February 9, 2021 (Toledo, Ohio) – More than 50 women defied the gender expectations of their time to serve the sailing communities on Lakes Huron, Michigan, and Superior, as well as on the Detroit River, during the active lighthouse-keeping era. On Wednesday, February 24, at 7 p.m., the National Museum of the Great Lakes will feature the stories of these heroic females during their second virtual lecture of the spring series: Ladies of the Lights: Michigan Women in the U.S. Lighthouse Service.
“It’s a great topic to lead us into March, which is also Women’s History month,” shares Ellen Kennedy, the National Museum of the Great Lakes’ Education and Visitor Experience Director. “Lighthouse keeping was demanding and physical work and it was crucial to the safety of Great Lakes sailors. The women who stepped into these roles are truly inspiring.”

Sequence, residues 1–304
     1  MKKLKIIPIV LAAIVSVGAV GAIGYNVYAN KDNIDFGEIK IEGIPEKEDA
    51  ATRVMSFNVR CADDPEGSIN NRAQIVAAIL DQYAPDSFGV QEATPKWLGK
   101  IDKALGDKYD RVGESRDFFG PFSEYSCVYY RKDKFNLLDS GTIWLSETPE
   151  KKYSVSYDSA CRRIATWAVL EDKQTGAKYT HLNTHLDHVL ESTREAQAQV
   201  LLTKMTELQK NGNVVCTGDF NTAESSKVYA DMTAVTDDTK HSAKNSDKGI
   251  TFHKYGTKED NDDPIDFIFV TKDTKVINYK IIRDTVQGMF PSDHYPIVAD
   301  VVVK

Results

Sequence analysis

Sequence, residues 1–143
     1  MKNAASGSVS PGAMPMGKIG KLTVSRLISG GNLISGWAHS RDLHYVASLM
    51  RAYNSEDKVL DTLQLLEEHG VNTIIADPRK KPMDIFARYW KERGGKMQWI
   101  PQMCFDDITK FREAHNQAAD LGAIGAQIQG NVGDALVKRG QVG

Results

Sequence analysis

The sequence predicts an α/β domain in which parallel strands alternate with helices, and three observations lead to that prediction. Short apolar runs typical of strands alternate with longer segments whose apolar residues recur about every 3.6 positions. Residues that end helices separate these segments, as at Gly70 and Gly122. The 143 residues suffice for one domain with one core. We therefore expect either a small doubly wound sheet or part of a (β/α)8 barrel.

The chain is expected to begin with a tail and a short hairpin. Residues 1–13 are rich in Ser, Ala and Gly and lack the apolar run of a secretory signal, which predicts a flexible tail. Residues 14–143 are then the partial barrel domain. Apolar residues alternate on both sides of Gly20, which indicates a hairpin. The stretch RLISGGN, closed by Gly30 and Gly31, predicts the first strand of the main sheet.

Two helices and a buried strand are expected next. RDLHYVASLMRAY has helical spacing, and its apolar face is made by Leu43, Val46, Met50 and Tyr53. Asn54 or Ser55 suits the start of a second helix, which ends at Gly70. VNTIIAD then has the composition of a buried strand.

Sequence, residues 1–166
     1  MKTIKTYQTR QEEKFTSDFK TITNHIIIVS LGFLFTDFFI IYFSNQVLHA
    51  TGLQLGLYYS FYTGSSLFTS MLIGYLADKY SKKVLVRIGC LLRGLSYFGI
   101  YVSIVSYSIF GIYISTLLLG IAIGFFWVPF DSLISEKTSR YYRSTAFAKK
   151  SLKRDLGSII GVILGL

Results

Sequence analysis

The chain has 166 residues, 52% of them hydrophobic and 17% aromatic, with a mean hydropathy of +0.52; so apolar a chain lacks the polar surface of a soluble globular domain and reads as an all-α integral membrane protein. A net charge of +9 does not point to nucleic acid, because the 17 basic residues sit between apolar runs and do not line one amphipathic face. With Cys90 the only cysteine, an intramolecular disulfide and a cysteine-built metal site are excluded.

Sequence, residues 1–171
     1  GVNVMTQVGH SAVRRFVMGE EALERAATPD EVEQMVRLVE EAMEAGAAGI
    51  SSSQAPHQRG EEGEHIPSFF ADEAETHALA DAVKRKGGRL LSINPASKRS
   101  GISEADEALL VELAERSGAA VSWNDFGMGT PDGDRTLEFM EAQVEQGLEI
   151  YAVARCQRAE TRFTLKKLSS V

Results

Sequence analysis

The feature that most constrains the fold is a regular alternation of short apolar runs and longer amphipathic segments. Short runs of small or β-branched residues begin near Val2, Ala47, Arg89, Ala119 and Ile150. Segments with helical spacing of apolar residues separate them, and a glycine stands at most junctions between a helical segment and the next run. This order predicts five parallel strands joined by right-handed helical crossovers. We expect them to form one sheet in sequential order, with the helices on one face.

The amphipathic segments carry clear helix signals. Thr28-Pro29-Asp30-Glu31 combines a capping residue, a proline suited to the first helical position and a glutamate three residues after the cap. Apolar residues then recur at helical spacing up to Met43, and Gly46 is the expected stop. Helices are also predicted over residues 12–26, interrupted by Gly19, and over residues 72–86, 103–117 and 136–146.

The lecture presenter, Patricia Majher, is a former editor of Michigan History magazine and a museum professional who has held administrative positions at institutions including The Henry Ford and Mackinac State Historic Parks. In addition to her same-titled book Ladies of the Lights, she has published Great Girls in Michigan History and Bold Boys in Michigan History with Wayne State University Press.
The virtual event is FREE but registration is required. Donations are encouraged and can be given upon registration. In addition, the book Ladies of the Lights: Michigan Women in the U.S. Lighthouse Service can be purchased when registering. For more information, to register and/or to purchase a book click here.